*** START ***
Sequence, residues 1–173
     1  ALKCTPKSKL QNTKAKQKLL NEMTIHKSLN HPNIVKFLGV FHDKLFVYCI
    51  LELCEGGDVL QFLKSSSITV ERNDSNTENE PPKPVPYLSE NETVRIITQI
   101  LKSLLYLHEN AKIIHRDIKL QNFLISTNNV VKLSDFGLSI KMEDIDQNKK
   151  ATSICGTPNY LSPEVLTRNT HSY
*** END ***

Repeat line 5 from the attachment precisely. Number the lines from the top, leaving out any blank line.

   151  ATSICGTPNY LSPEVLTRNT HSY